• Collect the right data, make it transparent and hold managers to account; Marc Benioff, CEO of Salesforce and Lara Poloni, CEO AECOM A&NZ are outstanding examples of organisations that transparently reviewed pay data, found gender-based differences, and adjusted the salaries of affected women
  • As a leader, recognise the impact and pervasiveness of unconscious bias, seek to understand it, and improve decision making practices to reduce its impact

Procurious has launched Bravo!, a group that seeks to celebrate and promote women working within procurement. Get involved here.

Are You Ready For The Gig Economy? Some Of Us Have Already Taken The Leap

Kishwar Rahman shares her thoughts on the upcoming shift to a gig economy, the need for digital transformation, and the importance of networks for women in procurement.

Thriving in the gig economy

Rahman, a digital transformation lawyer, has recently completed a project as policy lead for the digital marketplace in the Australian Federal Government’s Digital Transformation Agency. She has now progressed to a lead role working for the National Disability Insurance Agency (NDIA) to assist in setting up an e-Marketplace for the organisation.

“I’m a classic example of the gig-economy professional”, says Rahman. “I’ve moved from project to project, offering my professional skills. Businesses are increasingly looking to hire the right people at the right time for project-based employment.”

According to Rahman, the whole notion of the permanent role is becoming less appropriate as businesses transition towards a consultancy model where experts move between businesses or different projects within a large organisation. “It’s very different to the concept of the ‘job for life’ that existed in our parents’ generation, and still an expectation of employment in the public service.”

So, what can organisations and individuals do to prepare for the gig economy? From the organisational side, it pays to be prepared for an upcoming transformation. A gig-economy office, for example, will look very different to workplaces of the past. They will be structured around a fluid and ever-changing group of professionals coming into the business, working with others on specific projects, then departing for different roles when they have completed their projects.  One obvious symptom of this is the disappearing concept of the employees work station which is now being replaced by lockers for personal belongings and individual desks in quiet areas and larger tables for collaborative work.

Businesses also need to future-proof their customer-facing policies that currently favour clients with permanent roles. “Take banks, for example” says Rahman. “If you’ve ever applied for a home loan, you’ll know that they prefer to lend money to people with permanent roles. Unless they reassess their lending criteria, they’ll soon find that they won’t have enough clients as permanent roles become a thing of the past.”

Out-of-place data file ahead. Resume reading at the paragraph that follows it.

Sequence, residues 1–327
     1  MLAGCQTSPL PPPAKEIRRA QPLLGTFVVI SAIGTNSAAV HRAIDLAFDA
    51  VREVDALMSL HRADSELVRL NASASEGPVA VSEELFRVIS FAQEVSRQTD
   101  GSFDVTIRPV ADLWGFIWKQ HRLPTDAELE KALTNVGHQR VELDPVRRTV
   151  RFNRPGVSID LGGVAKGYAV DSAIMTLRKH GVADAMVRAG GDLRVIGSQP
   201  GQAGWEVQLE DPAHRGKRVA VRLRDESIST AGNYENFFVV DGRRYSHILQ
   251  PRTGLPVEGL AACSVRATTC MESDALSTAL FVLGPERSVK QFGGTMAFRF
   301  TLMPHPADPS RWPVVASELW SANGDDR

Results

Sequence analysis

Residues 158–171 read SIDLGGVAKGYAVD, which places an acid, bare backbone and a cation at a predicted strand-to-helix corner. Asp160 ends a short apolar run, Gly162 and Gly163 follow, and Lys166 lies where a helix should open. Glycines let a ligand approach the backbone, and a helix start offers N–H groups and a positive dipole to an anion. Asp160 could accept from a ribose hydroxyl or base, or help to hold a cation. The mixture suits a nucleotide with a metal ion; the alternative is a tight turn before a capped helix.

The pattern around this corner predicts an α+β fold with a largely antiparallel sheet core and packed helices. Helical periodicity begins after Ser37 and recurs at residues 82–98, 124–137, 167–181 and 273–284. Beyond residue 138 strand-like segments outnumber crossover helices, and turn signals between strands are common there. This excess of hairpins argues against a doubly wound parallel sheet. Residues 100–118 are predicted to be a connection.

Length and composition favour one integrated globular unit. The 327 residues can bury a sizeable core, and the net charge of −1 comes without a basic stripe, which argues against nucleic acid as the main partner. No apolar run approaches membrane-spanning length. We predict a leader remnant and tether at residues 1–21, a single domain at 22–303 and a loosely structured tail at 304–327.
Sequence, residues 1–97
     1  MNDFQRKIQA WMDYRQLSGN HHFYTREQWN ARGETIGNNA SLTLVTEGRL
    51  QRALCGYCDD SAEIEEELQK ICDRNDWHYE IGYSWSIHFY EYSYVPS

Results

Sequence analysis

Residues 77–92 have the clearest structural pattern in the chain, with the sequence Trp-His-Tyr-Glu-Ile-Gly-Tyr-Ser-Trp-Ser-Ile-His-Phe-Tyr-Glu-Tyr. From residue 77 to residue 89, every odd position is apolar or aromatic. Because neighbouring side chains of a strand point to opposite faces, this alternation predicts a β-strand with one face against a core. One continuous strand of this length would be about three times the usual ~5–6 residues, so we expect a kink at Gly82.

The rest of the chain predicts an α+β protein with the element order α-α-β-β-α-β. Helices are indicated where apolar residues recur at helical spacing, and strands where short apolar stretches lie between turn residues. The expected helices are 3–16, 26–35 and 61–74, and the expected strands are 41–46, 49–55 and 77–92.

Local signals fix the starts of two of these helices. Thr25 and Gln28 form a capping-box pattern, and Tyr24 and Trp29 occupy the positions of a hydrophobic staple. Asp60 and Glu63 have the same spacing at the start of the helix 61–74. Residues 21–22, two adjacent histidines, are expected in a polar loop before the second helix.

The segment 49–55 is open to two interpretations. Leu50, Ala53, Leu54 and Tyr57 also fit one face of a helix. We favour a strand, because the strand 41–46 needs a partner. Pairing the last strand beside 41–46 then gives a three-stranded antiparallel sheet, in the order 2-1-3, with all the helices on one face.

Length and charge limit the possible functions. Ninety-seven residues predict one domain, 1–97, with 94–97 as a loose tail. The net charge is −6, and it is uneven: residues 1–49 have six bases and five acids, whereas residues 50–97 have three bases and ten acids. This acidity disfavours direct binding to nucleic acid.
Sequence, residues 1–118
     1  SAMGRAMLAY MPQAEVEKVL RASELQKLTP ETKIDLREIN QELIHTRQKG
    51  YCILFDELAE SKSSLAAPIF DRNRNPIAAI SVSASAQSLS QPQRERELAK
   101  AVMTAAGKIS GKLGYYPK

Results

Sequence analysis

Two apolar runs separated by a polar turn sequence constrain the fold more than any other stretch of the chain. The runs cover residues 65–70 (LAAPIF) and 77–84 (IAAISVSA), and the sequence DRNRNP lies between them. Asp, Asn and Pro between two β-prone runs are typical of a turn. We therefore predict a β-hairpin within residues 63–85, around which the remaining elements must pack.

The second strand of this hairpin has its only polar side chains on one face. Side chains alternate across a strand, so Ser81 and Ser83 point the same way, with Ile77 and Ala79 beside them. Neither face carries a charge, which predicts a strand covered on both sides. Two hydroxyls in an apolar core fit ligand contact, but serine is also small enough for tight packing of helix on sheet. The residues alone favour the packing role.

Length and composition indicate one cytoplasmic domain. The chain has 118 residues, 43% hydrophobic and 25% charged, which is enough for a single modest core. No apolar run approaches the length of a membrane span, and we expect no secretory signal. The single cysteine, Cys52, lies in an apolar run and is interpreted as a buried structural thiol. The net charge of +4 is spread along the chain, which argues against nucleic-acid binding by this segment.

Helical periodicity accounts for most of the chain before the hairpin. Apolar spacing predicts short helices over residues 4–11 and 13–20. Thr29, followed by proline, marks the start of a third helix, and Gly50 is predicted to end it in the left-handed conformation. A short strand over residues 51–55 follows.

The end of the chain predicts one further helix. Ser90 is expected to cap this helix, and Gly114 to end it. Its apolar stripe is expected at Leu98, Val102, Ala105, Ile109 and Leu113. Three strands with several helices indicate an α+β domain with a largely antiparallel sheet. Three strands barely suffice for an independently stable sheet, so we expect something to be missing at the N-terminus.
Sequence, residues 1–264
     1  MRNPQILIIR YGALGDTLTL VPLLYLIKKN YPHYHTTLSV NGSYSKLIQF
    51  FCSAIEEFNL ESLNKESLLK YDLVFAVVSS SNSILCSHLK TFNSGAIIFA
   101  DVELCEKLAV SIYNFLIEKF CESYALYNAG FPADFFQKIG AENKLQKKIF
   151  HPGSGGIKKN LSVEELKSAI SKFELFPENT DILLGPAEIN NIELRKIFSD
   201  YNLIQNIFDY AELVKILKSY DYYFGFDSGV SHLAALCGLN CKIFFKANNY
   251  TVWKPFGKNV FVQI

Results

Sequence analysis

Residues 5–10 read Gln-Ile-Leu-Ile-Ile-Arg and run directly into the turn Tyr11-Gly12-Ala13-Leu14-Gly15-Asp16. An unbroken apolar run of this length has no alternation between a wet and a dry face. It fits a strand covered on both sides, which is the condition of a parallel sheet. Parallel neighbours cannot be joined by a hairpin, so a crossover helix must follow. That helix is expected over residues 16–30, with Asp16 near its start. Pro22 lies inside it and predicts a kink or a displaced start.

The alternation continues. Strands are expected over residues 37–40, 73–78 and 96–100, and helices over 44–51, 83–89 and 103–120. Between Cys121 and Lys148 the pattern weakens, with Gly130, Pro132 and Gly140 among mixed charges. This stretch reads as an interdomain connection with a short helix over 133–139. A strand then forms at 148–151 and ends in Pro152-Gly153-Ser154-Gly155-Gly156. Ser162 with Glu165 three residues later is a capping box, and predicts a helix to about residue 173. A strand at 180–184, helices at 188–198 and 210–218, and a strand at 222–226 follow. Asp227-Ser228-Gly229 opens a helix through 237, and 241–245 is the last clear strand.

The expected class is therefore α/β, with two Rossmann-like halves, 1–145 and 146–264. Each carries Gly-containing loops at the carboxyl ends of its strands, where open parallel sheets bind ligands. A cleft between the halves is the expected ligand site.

Individuals, on the other hand, can prepare themselves for the gig economy by examining which of their skills could be put to use across multiple businesses, honing their expertise in those areas and becoming a member of a multi-disciplinary and multi-forming teams that move from one project to the next once they have achieved their outcomes and completed their deliverables.

Digital transformation – getting stakeholders on board

Rahman’s experience in driving digital transformation has led her to pick up essential change-management and implementation skills. “Getting people on board with a technological or process transformation is always one of the biggest challenges”, she says. “The most effective means of persuasion is to show them the efficiency in terms of speed and cost benefits. We live in a culture that expects extreme responsiveness and near-instant results, so simply highlighting speed gains will always be more effective than going into detail about improved workflows and processes.” Similarly, organisation want to find cost savings by digitising manual processes.

Another effective way to win stakeholders over to your transformation improvement is to find some common language on the benefits of the change. “Look for a benefit that everyone can relate to. A digital transformation, for example, will almost always lead to the automation of administrative tasks, which will free people up to do more creative and meaningful work. Reskilling and retraining will also be critical to this gig-economy.   Education and training will also have to change in form and shape of delivery with consumers demanding the option to shape a course and its mode of delivery and study at their own time and pace to fit it around paid work and personal commitments”.

Networking with women in procurement

One of the reasons Rahman is attending Women in Procurement 2017 is out of curiosity. “Before last year I didn’t know there was a separate forum for women in the profession. I’m interested in seeing who’s going to be there, who’s participating, and who are the female leaders in the field. Additionally, the procurement profession, just when it has started to be recognised as a profession, is also being reshaped by the gig-economy. What will procurement look like in the future and what are the skill set that young women will need to participate in this profession in the future”.

The networking opportunity is also crucial. “Historically, women have had a lack of access to networks. Events like this can connect you with a pool of expertise – peers who you can ring up and share ideas with and problem solve.”